For slots and video poker players, Club Matador offers 0.25% cashback for your play. The players club told me points and comps never expire, which was nice to hear. The best video poker game is Full Pay Jokers Wild, at 100.65% payback. It is rare to find such a high-paying poker machine in Las Vegas, so I salute the Hacienda for offering such a game. However, the strategy for the game is difficult. The next best game is Deuces Wild at 99.72% payback, but it is only loaded on a few machines near the sports book.
There is a small Leroy’s sports book that was only open limited hours. There wasn’t any place to watch the game, just a counter to place your bets.
There is no bingo, but there is a poker table that seemed to have a game going every night. Sorry, I didn’t check what the game was, but I assume it was Texas Hold 'Em.
The table games pit offers 4-5 tables of blackjack, one table of craps, one table of roulette, and one table of three card poker. The craps table has a minimum of $1 with double odds. (Full double odds if you bet $2; i.e., you may take odds of $5 on a point of 6 or 8). Roulette is double zero. I didn’t check the paytable for three card poker.
The blackjack rules at Hacienda are extremely player-favorable. These might be the most generous rules in all of Nevada. They are single-deck, dealer hits soft 17, no surrender, resplit aces allowed, player may double after split, and no cut card. For the basic strategy player, the Wizard says this equates to a house edge of 0.02%. So it is almost like gambling for free. For those who wish to try card counting at Hacienda, I wouldn’t recommend it, as the dealer almost never deals more than two rounds, regardless of the number of players. I did goad one dealer into dealing extra rounds, but since I wasn’t spreading my bets, it really didn’t matter. I would also assume they are quick to back off counters.
On my previous visits to Hacienda, they had a first-run movie theatre upstairs with two screens, where you could watch recent releases at a very reasonable price. But on the visit, the movie theatre was closed, and staff didn’t know when (or if) it would reopen. I would guess it is a loss leader for the casino, but it was a nice amenity. There is a free movie about the building of the Hoover Dam that plays constantly in small room off the casino floor.
Outside there is a helicopter pad, and you can ride a helicopter over the Hoover Dam and Bridge. The cost is $49. Not for me, but if you find it exciting to ride in a chopper, the view is probably amazing.
There is a counter for booking kayak and rafting trips down the Colorado River inside the casino. When I came to Las Vegas with my parents, we tried to book a trip with a different company for a kayak trip, but it didn’t work out. The Wizard, though, recommends taking a kayak tour through the Black Canyon. His model Lisa wrote a good article about it, titled Hoover Dam Bypass Bridge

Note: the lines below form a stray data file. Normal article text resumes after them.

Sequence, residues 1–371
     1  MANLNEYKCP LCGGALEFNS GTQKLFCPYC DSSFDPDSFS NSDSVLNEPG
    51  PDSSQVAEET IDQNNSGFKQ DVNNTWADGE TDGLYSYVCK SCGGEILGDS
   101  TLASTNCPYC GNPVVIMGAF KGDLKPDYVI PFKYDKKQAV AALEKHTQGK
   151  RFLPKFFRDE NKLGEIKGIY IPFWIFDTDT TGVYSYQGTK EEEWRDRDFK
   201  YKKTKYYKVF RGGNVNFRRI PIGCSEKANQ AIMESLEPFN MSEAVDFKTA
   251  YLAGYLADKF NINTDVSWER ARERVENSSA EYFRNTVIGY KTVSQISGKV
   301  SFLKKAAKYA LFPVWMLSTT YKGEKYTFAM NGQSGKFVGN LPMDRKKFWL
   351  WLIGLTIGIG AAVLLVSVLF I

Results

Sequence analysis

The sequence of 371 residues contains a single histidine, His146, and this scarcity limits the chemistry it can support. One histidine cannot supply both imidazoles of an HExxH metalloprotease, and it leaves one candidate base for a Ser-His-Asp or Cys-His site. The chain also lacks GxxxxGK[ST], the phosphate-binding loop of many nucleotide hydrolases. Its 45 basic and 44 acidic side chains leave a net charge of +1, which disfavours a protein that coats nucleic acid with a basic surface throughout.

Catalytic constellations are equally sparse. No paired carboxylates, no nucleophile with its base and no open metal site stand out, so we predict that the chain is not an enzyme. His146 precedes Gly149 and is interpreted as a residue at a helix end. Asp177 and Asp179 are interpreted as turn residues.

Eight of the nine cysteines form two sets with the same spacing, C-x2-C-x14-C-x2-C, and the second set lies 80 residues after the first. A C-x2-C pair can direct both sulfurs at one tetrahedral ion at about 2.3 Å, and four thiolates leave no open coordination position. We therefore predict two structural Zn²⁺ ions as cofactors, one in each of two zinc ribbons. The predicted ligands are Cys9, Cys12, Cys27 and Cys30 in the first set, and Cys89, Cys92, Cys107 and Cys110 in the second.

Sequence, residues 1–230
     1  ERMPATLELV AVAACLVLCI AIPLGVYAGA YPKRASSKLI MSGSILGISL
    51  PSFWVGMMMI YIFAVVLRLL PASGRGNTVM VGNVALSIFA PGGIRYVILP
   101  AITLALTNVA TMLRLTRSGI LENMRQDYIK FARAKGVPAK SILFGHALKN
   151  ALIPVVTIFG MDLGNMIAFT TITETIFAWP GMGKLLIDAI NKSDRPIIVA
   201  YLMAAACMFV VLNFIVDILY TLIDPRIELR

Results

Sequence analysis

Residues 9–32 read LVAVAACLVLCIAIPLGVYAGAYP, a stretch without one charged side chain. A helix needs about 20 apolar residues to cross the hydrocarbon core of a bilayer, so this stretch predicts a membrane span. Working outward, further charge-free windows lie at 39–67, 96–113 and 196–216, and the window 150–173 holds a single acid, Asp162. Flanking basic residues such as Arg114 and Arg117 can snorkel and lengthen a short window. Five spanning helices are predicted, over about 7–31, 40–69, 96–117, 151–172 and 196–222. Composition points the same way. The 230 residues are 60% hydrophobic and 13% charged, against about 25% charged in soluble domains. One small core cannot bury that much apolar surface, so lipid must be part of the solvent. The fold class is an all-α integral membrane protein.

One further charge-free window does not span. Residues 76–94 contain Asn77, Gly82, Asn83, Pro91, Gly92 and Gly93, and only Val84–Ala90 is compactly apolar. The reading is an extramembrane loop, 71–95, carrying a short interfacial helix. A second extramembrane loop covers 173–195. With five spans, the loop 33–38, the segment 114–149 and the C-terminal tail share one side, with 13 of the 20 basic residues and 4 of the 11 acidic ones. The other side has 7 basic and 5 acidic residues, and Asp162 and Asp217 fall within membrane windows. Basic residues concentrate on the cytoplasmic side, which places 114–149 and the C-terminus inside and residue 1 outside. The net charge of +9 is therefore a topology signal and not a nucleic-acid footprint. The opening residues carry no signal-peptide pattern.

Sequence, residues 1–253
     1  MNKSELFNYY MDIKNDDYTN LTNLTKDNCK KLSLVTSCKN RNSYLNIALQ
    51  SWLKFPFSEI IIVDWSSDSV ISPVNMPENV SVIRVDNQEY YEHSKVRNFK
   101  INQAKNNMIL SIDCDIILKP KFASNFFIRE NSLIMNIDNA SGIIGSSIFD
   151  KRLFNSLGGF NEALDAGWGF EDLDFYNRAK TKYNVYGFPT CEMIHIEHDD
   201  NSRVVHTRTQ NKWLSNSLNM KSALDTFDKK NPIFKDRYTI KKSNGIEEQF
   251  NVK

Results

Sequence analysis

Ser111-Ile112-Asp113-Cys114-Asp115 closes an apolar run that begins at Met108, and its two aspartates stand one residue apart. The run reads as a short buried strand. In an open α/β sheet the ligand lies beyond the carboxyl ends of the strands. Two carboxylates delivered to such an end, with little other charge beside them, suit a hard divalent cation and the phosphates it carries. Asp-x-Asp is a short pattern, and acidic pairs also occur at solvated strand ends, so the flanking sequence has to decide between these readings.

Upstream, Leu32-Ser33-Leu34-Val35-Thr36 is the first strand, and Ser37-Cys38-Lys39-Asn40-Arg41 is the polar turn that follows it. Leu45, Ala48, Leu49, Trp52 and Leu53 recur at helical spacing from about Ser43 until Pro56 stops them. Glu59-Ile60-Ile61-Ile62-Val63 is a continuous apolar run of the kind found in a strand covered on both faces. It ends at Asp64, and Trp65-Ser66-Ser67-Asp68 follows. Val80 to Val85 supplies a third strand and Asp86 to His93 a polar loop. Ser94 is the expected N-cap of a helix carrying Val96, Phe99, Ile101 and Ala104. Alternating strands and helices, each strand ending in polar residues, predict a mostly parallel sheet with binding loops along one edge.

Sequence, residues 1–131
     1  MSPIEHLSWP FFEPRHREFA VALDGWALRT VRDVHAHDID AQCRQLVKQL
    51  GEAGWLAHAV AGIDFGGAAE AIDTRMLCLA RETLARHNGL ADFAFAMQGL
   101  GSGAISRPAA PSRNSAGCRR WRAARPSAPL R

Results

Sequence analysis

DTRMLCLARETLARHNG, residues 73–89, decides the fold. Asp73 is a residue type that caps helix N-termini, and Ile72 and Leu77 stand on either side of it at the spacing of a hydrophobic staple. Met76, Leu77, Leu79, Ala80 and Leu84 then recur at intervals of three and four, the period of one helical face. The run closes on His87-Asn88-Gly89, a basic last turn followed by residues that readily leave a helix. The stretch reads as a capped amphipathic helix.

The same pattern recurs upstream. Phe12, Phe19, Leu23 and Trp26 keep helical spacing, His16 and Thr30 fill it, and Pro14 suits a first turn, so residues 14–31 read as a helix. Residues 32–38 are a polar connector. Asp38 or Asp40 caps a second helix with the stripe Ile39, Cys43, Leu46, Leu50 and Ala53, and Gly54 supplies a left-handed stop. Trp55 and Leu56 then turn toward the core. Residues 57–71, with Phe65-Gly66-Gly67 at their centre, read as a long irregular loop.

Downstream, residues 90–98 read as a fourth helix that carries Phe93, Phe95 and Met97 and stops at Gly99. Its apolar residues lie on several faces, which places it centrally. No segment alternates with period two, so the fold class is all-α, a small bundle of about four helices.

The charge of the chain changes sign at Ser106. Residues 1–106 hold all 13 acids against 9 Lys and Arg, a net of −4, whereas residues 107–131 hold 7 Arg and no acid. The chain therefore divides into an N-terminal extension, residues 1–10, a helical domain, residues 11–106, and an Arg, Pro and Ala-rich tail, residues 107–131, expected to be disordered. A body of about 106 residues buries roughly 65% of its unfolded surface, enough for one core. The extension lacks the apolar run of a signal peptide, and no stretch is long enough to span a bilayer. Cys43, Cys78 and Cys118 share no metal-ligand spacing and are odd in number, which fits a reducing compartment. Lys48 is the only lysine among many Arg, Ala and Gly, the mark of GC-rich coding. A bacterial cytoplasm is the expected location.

Just nearby is Lake Mead National Recreation Area, the Hoover Dam, and the new bridge, with all the related tourist attractions therein. A popular new thing to do is walk across the bypass bridge, which has a great view of the dam. The Wizard wrote an article about it titled Glitz to Natural BlissHaving done this, I can tell you the view is spectacular. Another thing to do — recommended to me by a fellow blackjack player who worked building the bridge — is to view the bridge from the dam itself. It certainly gives you a perspective for the engineering work that went into building such a magnificent span.
A lesser-known attraction, but highly recommended by myself, is to stop in the park in Boulder City on the way to the casino where a bunch of Bighorn Sheep hang out. There are often tons of them just relaxing and grazing in the park, and you can get up to them as close as you dare. This is one of the best “free attractions” in Las Vegas in my opinion. It is just very cool to see the animals up close. To get to the park, turn left off US-93 just opposite the road that comes down from Boulder City, next to an abandoned gas station. The park is called Hemenway Park. There is a small parking lot. Don’t miss it!
My own gambling
My own gambling consisted of blackjack and video poker. I estimate I played blackjack for a total of six hours, at an average bet of $10-$25. Thankfully, I won, which seems rare in my play these days. I would not hesitate to say this is one of the most pleasurable blackjack games I’ve played in a long time. For one thing, the table is set low to the ground, so you can sit at a normal posture without hanging off a stool. Second, I have to give a shout out to the dealers for being extremely friendly, and dealing a loose, fun game. Nobody was bitching about losing, or getting angry at someone else’s play — people were just there to have fun. Finally, nobody was smoking when I was there. With all that in addition to the liberal rules, I can’t help but heap praise on Hacienda’s blackjack game. The Wizard says that the house edge of the Hacienda's single-deck game is the lowest anywhere in the United States and Canada.
At the end of the night, I talked to the pit boss, Harry, who was more than happy to comp my room based on my play. In fact, he asked “one night or two.” This was very generous and I was happy not to have to negotiate anything.
I have to put in a word for the drink service. It was fast, frequent and efficient. I also really liked the Hacienda’s selection of draft beers. They had three ales on tap: Newcastle, Sam Adams Summer Ale, and Alaskan Amber. It is often hard to find even one ale at casino bars. I tried them all at least once. As an aside, Newcastle on tap is an amazing beer – it doesn’t even compare to the bottled version. I could drink it all night.
The next morning, I played Deuces Wild video poker, earning 500 points which is enough for a free buffet. (Players may earn one free buffet every day for 500 points). Unfortunately, I lost $160, so it was an expensive buffet. However, my expected loss was only $0.30, and I earned $2.50 in cashback.
Address: Highway 93, Boulder City, NV 89005
Web site: haciendaonline.com